A North Carolina pastor’s plan for the gays.
After a great month of progress in gay rights, the backlash is heating up. Hate speech is starting in southern churches and making its way across the internet.
First, there’s Charles L. Worley’s rant from the pulpit. Taking a page from the recent Women as Livestock bill, the pastor of Providence Road Baptist Church in Maiden, North Carolina, has a great idea: Put all gays and lesbians in an electrified pen, throw down food occasionally and wait for them to die. His theory? Without the ability to reproduce with one another, all gay and lesbian people will all die off.
Only, there are a few loose nails in this fence (not the least of which is that the plan evokes images of Nazi Germany). What about the bisexuals? Do the bisexual men go with the gay men? What if a really butch woman gets in there and, for survival’s sake, makes a bunch more gay babies? What about the gender-benders, trannies and cross-dressers? Does a man dressed in lady gear go with the girls? (If so, see earlier problem.) But wait. This still won’t solve the gay problem long-term because most gay people were made by straight people. I think he’s gonna need a bigger pen because gay isn’t going away.
And neither are the homophobes. The next generation is being trained in Indiana. Check out this video of a kid singing, Ain’t No Homos Gonna Make it to Heaven to a cheering congregation. Ain’t no kids gonna make it to high school unless the adults in their lives stop focusing on teaching their kids to hate people and start focusing on teaching them grammar. But seriously, isn’t religion supposed to be about love? Where is the love in this?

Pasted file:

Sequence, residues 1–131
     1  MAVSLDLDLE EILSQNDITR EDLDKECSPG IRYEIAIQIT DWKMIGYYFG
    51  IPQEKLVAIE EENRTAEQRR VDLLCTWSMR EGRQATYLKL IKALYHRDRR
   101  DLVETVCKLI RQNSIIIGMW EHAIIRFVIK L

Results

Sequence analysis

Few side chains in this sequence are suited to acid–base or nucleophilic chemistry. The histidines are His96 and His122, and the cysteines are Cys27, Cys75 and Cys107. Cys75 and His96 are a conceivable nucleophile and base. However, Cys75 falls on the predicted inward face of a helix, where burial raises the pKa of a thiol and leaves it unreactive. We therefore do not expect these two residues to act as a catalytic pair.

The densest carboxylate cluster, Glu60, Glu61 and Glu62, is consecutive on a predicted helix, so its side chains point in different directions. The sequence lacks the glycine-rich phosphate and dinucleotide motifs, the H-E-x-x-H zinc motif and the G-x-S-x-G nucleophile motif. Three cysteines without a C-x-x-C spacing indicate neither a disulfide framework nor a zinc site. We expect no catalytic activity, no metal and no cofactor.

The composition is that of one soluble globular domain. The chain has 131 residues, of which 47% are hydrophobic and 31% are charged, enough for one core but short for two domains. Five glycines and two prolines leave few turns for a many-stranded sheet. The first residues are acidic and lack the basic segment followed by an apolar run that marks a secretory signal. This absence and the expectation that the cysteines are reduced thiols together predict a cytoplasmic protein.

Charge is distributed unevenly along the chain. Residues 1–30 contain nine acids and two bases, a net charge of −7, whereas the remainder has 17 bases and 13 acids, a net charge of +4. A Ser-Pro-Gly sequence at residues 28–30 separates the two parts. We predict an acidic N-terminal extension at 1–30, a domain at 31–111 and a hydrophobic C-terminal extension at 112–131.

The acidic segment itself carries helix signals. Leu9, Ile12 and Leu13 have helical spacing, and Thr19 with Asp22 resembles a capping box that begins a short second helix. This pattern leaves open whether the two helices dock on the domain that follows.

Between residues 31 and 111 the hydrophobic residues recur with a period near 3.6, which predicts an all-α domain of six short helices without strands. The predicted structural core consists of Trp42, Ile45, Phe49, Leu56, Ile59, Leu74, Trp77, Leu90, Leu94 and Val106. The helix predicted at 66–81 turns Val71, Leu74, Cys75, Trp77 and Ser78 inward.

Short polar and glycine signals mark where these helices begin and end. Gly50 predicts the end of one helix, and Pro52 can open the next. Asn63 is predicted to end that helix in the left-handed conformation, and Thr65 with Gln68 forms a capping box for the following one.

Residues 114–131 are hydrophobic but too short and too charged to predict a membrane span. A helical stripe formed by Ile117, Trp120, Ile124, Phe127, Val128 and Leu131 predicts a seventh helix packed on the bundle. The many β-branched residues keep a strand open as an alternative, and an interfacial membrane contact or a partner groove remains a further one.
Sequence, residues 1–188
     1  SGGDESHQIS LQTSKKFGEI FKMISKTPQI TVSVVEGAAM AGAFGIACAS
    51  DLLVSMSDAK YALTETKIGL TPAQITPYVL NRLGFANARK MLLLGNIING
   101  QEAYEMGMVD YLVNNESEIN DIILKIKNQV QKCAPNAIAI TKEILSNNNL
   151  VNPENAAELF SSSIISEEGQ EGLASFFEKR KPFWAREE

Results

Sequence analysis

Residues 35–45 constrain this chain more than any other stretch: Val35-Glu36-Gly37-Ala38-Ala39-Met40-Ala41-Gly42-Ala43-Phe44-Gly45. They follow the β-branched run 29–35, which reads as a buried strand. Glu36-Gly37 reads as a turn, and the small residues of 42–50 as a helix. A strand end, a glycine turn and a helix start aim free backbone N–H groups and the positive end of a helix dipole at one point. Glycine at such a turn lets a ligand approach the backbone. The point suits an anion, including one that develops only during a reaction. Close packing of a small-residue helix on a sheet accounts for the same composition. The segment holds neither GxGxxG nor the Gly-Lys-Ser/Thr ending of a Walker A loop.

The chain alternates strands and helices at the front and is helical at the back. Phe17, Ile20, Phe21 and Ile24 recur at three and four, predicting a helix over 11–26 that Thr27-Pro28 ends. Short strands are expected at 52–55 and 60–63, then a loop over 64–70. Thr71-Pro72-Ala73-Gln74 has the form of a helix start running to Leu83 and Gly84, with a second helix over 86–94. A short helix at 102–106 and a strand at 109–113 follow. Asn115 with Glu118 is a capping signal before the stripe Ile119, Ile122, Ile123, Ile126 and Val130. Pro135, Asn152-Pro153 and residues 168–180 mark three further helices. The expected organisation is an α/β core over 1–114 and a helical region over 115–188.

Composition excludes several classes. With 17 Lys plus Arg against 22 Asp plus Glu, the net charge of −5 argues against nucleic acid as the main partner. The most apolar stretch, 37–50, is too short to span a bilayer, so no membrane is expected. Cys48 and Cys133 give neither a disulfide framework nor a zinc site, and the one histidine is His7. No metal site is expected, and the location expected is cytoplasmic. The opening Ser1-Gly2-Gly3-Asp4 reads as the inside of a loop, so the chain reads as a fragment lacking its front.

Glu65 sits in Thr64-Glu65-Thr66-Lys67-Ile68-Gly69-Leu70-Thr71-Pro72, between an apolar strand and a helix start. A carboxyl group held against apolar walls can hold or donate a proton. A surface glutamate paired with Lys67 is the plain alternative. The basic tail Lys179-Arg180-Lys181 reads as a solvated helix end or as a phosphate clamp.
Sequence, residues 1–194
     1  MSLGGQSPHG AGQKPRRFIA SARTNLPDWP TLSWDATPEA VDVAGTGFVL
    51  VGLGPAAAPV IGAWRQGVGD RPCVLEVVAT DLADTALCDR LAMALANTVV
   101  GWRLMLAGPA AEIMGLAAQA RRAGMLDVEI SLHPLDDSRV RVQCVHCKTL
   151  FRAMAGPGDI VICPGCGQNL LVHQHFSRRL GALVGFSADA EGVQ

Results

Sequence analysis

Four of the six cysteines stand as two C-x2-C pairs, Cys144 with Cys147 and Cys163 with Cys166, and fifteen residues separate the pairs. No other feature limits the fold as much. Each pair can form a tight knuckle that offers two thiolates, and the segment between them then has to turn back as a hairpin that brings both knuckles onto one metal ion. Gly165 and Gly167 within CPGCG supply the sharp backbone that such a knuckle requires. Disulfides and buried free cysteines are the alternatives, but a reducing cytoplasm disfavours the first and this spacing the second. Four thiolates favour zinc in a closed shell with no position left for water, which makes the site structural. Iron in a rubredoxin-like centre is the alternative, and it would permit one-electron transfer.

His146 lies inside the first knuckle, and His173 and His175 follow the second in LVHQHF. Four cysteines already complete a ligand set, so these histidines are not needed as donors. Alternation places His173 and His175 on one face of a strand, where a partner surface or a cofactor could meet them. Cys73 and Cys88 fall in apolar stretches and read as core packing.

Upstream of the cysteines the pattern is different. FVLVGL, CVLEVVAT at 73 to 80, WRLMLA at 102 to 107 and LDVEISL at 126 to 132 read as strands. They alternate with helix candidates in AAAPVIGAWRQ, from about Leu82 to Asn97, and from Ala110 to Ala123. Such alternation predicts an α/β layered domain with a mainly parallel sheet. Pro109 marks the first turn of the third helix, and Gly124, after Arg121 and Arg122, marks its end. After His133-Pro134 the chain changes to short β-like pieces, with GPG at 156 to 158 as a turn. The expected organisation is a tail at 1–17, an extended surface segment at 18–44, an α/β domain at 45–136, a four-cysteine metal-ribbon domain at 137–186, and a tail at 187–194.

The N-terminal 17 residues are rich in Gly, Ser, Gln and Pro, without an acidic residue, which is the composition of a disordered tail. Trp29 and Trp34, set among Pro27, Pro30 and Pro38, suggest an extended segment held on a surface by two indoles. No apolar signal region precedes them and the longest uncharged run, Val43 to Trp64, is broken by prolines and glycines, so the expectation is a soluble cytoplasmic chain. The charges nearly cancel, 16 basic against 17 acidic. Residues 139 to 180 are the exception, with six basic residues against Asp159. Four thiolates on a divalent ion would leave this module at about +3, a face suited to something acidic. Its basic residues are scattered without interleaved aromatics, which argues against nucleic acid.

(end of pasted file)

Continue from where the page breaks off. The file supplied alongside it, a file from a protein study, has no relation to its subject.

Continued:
Then there’s Ron Baity, founding pastor of Winston-Salem’s Berean Baptist Church and head of the anti-marriage equality organization Return America. He suggests that we legally prosecute all lesbian, gay, bisexual and transgender people. So, kind of the same idea as the electric fence but with more cost to the taxpayer — clearly, he could have innovated more like his pal Charles if he really wanted to woo his base.
And let’s not forget Sean Harris, another North Carolina pastor. He’s also concerned about the children. In a sermon, he suggested that parents “punch” effeminate boys and “crack that [limp] wrist.” That’s right, a less subtle form of child abuse than the one displayed by the adults who stood and applauded a child’s hateful song —a song that it’s likely he didn’t understand because, I assume, his parents aren’t cool with him learning anything about homosexuality (0r evolution) in school. Oh, and Harris now says he was joking. Not sure I get it.
Despite the volume of these hateful voices, I feel fairly confident that these people do not represent the majority. But just knowing that they are out there — to quote pastor Worley himself — “makes me pukin’ sick to think about.”